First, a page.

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CS 426 (Fall 2010). Key Distribution & Agreement. Outline. Key agreement without using public keys Distribution of public keys, with public key certificates Diffie-Hellman Protocol Correction: Also discovered earlier in GCHQ, by Malcolm J. Williamson in 1974.

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Cs 426 fall 2010

CS 426 (Fall 2010)

Key Distribution & Agreement

Fall 2010/Lecture 32


  • Key agreement without using public keys

  • Distribution of public keys, with public key certificates

  • Diffie-Hellman Protocol

    • Correction: Also discovered earlier in GCHQ, by Malcolm J. Williamson in 1974.

Fall 2010/Lecture 32

Key agreement in symmetric crypto
Key Agreement in Symmetric Crypto

  • For a group of N parties, every pair needs to share a different key

    • Needs to establish N(N-1)/2 keys

  • Solution: Uses a central authority, a.k.a., Trusted Third Party (TTP)

    • Every party shares a key with a central server.

    • How to achieve that in an organization with many users?

Fall 2010/Lecture 32

Needham schroeder shared key protocol use trusted third party
Needham-Schroeder Shared-Key Protocol: Use Trusted Third Party

  • Parties: A, B, and trusted server T

  • Setup: A and T share KAT, B and T share KBT

  • Goal: Mutual entity authentication between A and B; key establishment

  • Messages:

    A T: A, B, NA (1) A  T: E[KAT] (NA, B, k, E[KBT](k,A)) (2) A B: E[KBT] (k, A) (3) A B: E[k] (NB) (4) A B: E[k] (NB-1) (5)

What bad things can happen if there is no NA?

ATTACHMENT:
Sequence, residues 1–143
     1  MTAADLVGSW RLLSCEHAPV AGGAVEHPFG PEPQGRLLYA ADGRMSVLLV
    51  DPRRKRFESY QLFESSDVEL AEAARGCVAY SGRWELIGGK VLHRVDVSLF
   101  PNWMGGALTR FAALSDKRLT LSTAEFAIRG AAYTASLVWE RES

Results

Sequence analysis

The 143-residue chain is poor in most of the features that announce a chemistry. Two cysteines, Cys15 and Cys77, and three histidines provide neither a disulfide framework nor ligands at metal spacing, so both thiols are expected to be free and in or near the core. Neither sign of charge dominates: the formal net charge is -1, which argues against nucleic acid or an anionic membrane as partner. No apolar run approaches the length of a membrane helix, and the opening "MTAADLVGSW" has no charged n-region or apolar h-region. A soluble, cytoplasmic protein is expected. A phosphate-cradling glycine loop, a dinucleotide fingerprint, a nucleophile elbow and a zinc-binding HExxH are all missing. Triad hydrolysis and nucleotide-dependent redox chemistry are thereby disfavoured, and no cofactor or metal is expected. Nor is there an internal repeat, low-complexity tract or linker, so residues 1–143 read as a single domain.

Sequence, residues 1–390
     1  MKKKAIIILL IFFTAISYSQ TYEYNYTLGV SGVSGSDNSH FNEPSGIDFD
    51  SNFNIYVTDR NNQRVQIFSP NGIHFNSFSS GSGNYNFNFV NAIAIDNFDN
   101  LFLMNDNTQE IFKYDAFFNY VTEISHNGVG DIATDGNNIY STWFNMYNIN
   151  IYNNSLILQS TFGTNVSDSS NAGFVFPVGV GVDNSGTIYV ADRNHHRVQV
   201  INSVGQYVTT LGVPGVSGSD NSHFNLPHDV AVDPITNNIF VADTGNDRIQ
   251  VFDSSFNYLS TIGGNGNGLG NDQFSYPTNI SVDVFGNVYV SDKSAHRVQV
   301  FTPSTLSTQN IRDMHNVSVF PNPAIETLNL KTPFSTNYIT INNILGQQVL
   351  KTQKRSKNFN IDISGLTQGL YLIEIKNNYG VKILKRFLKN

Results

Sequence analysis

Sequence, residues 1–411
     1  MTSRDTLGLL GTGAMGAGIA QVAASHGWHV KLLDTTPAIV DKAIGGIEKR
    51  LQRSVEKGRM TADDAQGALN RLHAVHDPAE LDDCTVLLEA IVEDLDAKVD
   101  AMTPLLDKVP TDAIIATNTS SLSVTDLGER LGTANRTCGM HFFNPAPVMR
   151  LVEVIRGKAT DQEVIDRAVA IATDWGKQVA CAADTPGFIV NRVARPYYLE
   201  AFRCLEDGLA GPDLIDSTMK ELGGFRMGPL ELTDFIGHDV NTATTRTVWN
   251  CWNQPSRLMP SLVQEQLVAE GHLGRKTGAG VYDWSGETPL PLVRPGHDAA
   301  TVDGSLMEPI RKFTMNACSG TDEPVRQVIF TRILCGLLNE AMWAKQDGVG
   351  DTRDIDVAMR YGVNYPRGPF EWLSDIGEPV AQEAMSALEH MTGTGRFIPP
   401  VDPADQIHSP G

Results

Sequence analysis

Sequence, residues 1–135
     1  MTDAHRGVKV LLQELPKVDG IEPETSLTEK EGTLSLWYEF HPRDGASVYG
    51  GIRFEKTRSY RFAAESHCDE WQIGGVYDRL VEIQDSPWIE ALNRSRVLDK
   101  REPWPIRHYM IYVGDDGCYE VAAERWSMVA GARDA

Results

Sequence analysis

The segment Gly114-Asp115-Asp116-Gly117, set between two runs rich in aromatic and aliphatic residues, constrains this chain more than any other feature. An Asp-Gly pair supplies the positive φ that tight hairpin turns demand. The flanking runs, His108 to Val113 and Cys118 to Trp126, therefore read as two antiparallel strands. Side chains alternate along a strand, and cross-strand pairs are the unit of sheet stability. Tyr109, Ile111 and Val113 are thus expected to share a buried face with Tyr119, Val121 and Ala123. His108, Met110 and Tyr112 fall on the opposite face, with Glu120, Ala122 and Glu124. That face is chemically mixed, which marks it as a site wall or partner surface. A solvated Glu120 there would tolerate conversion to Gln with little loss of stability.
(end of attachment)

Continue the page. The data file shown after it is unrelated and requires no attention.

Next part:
Another subtle flaw in Step 3.

Fall 2010/Lecture 32

Kerberos Party

  • Implement the idea of Needham-Schroeder protocol

  • Kerberos is a network authentication protocol

  • Provides authentication and secure communication

  • Relies entirely on symmetric cryptography

  • Developed at MIT: two versions, Version 4 and Version 5 (specified as RFC1510)

  • http://web.mit.edu/kerberos/www

  • Used in many systems, e.g., Windows 2000 and later as default authentication protocol

Fall 2010/Lecture 32

Kerberos overview
Kerberos Overview Party

  • One issue of Needham-Schroeder

    • Needs the key each time a client talks with a service

  • Solution: Separates TTP into an AS and a TGT.

  • The client authenticates to AS using a long-term shared secret and receives a TGT.

    • supports single sign-on

  • Later the client can use this TGT to get additional tickets from TGS without resorting to using the shared secret. These tickets can be used to prove authentication to SS.

TGS = Ticket Granting Server

TGT = Ticket Granting Ticket

AS = Authentication Server

SS = Service Server

Fall 2010/Lecture 32

Overview of kerberos
Overview of Kerberos Party

Fall 2010/Lecture 32

Kerberos drawback
Kerberos Drawback Party

  • Single point of failure:

    • requires online Trusted Third Party: Kerberos server

  • Security partially depends on tight clock synchronization. Convenience requires loose clock synchronization

    • Use timestamp in the protocol

    • The default configuration requires synchronization to with 10 minutes.

  • Useful primarily inside an organization

    • Does it scale to Internet? What is the main difficulty?

Fall 2010/Lecture 32

Public keys and trust